Tag Archives: Chicken

One-pot Spanish Chicken with Butter Beans; Child’s Play

The last couple of weeks have been bonkers,  so bonkers in fact that I’m going to break my post up into two instalments. Firstly my new children’s cook book was launched and then last week I was appointed the UN FAO Special Ambassador for Pulses (WHAAAT? – I’ll fill you in on that one in a couple of days time)

So, the kid’s book. It’s so nerve wracking when a book finally comes out, you just have to hold your breath and hope that it’s going to be well received. I’ve been very chuffed with all the feed back so far, especially Xanthe Clay’s piece in The Telegraph  (here’s the shorter online version).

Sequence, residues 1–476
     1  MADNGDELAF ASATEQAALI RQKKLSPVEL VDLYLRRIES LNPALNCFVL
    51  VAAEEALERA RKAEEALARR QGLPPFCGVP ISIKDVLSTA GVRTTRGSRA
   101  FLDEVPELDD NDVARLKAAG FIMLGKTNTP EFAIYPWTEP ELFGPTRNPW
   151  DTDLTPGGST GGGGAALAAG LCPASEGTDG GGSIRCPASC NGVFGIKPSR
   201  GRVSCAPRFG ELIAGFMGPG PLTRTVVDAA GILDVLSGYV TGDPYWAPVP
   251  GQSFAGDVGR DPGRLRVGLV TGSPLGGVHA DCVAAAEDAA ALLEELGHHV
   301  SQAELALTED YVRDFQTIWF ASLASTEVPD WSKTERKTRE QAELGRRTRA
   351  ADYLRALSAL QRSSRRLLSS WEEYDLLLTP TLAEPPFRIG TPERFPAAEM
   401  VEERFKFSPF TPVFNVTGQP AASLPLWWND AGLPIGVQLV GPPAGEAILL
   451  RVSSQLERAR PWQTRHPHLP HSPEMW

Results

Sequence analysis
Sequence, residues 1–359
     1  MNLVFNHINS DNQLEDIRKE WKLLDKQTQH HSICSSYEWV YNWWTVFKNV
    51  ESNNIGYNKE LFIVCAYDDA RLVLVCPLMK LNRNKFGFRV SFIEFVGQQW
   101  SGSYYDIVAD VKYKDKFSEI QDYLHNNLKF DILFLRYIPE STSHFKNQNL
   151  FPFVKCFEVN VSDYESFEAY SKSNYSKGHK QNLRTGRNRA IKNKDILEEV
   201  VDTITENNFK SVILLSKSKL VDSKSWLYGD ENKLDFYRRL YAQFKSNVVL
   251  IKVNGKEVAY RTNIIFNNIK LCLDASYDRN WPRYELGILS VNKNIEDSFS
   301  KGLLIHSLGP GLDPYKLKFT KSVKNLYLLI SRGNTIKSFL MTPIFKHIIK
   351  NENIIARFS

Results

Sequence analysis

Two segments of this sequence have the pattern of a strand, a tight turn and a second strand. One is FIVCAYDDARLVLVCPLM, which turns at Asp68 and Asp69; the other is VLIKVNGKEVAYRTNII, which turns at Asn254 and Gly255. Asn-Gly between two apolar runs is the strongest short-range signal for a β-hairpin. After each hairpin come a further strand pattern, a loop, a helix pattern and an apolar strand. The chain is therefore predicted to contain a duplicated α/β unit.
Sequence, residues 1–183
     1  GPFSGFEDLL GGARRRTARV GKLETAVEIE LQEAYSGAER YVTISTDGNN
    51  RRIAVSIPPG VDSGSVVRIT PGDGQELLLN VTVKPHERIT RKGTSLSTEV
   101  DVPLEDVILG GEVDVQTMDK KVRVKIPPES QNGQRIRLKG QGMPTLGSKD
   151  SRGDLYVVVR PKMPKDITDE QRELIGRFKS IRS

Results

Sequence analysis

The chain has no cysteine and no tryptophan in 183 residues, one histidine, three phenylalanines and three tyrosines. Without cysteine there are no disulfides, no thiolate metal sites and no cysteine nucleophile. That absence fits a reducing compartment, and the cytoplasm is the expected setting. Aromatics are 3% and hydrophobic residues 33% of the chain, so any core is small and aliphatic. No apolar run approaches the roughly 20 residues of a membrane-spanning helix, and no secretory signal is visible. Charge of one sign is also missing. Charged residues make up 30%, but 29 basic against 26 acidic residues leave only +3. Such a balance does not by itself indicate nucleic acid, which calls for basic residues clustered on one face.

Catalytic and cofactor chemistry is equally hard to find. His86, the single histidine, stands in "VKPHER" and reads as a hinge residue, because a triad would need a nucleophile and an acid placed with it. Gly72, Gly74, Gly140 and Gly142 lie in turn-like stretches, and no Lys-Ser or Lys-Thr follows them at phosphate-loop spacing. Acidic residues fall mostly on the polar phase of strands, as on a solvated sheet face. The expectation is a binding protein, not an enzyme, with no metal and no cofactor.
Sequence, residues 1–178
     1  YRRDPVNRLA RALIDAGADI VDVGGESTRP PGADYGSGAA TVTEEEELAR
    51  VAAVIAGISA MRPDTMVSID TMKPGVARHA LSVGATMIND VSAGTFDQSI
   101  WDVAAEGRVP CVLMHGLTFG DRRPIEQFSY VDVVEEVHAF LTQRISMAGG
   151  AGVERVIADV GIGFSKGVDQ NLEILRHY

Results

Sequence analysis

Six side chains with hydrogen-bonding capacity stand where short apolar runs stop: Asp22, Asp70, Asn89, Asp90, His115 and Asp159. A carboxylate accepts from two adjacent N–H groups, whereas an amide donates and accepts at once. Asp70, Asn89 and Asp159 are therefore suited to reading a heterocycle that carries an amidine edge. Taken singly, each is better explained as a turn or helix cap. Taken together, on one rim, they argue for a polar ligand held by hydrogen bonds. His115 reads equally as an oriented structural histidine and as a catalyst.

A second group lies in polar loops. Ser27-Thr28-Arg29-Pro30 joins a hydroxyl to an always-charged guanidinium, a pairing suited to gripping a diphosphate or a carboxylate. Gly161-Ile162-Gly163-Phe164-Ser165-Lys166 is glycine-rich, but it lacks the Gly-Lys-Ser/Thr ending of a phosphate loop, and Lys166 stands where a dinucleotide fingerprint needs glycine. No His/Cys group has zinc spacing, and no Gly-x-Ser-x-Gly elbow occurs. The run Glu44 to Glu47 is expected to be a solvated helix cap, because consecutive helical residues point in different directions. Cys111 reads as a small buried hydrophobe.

Imi’ s been pretty excited about it all, other than the very badly-timed tonsillitis set back on the night of the launch party (“I’m feeling so depressed, this was going to be one of the best days of my life” – good on drama), but she did manage to rally. I’ve purposely not been pushing the cooking too much just recently, there’s always that chance that things might backfire, but last weekend she decided to celebrate our newspaper appearance by cooking a three course dinner. She spent a while planning her menu (from the book of course), made a shopping list and then had a ball being independent in the supermarket with her own shopping trolley (not a quick shop, it has to be said). I was then sent out of the house for a swim and husband Pete was told that he must NOT interfere, other than having to rush around like a kitchen porter every time he was summoned to open the recycling bin.